You may recall that I’ve been writing about potentially illegal campaign contributions made by Venice Beach BID propenents Mark Sokol and Carl Lambert. That’s the supply side. Tonight I’m hitting up the demand side. Here are PDFs of three letters I sent this evening (all cc-ed to Mike Feuer just in case), and you can read the one to the nine sitting members of the City Council who accepted donations from Sokol and Lambert below. I hope to have a complaint in to the City Ethics Commission by the end of the week.
- Letter to Councilmembers who accepted donations from Lambert and Sokol
- Letter to Ron Galperin about contributions from Mark Sokol
- Letter to Eric Garcetti about contribution from Carl Lambert
September 17, 2016
Honorable Los Angeles City Councilmembers Krekorian, Bonin, Harris-Dawson, Huizar, Martinez, Ryu, Price, Cedillo, and Koretz:
I am writing to urge you to recuse yourself from the upcoming vote on the Venice Beach BID ordinance of intention and from all future matters concerning Council File 16-0749.
Here’s the issue: This ordinance is a step in a process which is meant to culminate in the City of Los Angeles signing a contract with the Venice Beach Property Owners Association to administer the Venice Beach BID. The three principals of this corporation are Steve Heumann, Carl Lambert, and Mark Sokol. The Los Angeles City Charter at §470(c)(12) prohibits principals of persons, in this case the Venice Beach Property Owners Association, who respond to City contract solicitations worth more than $100,000 from donating to the campaigns of City Council members while the contract is pending.1 Carl Lambert gave Mr. Bonin $700 in December 2015, while the formation of the BID, and hence the signing of the contract, was under active discussion. BID formation has been under active discussion since at least September 2014, after which date Sokol has made contributions to the campaigns of all nine of the Councilmembers to whom this letter is addressed, totalling more than $8,500.
Like any even moderately complex law, it’s hard to be sure how the City’s Campaign Finance Ordinance applies in every possible case. It might be that because the Venice Beach Property Owners Association wasn’t incorporated until April 2016 there was no corporate person for Sokol and Lambert to be principals of, and conceivably that could mean that they didn’t violate the law.2 It’s also possible to make the argument, as the City has done in other contexts, that because BIDs merely collect and spend the money of the assessed property owners, there’s not enough City money going towards the contract for the law’s $100,000 threshold to be met. In this case, since the City owns so very much property within the proposed BID, assessed at more than $400,000 annually, the second argument will almost certainly fail. Against the first argument, one might note that since these three were negotiating with the City about the BID as early as September 2014, and since the formation of a Property Owners Association is required under State law for the process of BID formation to succeed, it was well-known by everyone involved that they would be the principals of the POA once it was formed.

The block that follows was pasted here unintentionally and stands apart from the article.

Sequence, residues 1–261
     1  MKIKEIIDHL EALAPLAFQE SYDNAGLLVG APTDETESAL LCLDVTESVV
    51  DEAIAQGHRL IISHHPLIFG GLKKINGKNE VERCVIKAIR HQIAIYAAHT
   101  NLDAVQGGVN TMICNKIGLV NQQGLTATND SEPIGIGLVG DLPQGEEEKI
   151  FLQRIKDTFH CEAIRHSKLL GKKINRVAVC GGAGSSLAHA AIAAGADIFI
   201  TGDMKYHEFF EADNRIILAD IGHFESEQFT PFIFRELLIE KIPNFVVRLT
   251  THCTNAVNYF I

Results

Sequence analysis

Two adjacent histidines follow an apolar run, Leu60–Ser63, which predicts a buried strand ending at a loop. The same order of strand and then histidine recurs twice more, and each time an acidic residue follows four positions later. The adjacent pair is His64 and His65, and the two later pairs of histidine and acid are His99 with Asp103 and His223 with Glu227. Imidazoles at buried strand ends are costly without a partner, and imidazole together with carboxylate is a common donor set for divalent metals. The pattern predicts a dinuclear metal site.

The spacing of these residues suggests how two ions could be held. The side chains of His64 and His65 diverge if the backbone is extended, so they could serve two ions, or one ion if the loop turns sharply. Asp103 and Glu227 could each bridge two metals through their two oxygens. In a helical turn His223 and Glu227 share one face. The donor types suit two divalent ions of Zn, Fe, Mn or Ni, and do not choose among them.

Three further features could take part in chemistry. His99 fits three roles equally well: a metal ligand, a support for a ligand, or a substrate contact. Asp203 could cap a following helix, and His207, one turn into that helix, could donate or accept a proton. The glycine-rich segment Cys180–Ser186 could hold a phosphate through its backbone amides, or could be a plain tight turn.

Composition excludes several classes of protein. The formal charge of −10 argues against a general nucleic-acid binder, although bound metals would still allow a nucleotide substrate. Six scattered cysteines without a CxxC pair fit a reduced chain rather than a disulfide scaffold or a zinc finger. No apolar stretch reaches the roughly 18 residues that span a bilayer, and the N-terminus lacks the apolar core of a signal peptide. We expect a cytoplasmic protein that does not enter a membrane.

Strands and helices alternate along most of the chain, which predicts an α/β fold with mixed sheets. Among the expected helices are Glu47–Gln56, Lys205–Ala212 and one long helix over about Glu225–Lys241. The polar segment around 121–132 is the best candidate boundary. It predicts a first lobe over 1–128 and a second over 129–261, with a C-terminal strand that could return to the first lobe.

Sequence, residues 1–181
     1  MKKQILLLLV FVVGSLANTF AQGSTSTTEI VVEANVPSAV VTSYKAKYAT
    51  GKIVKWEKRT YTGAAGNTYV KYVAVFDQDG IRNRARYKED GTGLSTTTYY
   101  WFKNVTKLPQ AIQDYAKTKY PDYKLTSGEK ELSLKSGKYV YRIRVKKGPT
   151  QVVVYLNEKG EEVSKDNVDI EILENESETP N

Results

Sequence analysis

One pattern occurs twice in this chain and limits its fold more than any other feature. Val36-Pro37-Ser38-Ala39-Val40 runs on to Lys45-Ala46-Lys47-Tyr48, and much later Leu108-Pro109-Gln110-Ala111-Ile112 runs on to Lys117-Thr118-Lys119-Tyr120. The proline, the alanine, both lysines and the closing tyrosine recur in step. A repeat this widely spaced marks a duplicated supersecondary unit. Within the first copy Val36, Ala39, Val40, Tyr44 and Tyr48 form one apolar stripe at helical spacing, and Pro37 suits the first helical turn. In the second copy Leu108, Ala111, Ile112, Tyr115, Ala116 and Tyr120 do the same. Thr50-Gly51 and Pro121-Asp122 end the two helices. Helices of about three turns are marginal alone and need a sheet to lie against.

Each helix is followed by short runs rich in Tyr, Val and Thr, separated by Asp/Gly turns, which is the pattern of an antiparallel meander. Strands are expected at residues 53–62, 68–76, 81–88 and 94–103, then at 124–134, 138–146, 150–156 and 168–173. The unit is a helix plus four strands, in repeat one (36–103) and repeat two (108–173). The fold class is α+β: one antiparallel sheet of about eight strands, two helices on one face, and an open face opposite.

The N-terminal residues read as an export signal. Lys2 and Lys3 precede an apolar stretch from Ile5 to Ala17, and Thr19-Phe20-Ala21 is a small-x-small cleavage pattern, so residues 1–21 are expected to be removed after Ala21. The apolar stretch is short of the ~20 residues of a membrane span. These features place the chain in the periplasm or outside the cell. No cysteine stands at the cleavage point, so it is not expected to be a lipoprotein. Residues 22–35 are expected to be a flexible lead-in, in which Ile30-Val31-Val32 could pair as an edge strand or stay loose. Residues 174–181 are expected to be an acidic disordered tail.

Or possibly this argument won’t prevail. It’s not easy to predict how the City Ethics Commission will rule on this matter, but nevertheless, I think you will serve the City well by recusing yourself from this matter and returning the tainted contributions. According to the City Charter, the purpose of the Campaign Finance laws
… is to encourage a broader participation in the political process and to avoid corruption or the appearance of corruption in city decision making, and protect the integrity of the City’s procurement and contract processes by placing limits on the amount any person may contribute or otherwise cause to be available to candidates for election to the offices of Mayor, City Attorney, Controller and City Council.
It’s true that the City Ethics Commission may reject my interpretation of these events, although they very well may not. Irrespective of that, the Venice Beach BID has already generated unprecedented levels of opposition. If the BID is ultimately created, but with this ethical cloud still hanging over it, its legitimacy will be even more questionable and the disputes and divisions will be more likely to continue on and even intensify rather than to begin to heal. I therefore urge you to take action to dissociate yourself from the “appearance of corruption” in the BID formation process by recusing from the matter and by returning the contributions.
Thank you for your attention,
Los Angeles, CA 90038
Image of Ron Galperin has been released by its creator under the uber-free license that’s required for stuff that’s found on Wikimedia, which is where I found it.
- Note that LAMC 49.7.35(A)(5), which interprets this section of the Charter, defines a “contract solicitation” as “a request for proposals, request for bids, request for qualifications, or any other request, whether written or verbal, for purposes of entering into a contract.” This clearly occured with respect to the Venice Beach BID.
- Although note that Sokal contributed money to Mr. Cedillo, Mr. Price, and Mr. Koretz after the VBPOA was incorporated. At that time he became a principal of the organization responding to the contract opportunity. Thus it’s possible that only those three contributions fall afoul of the law.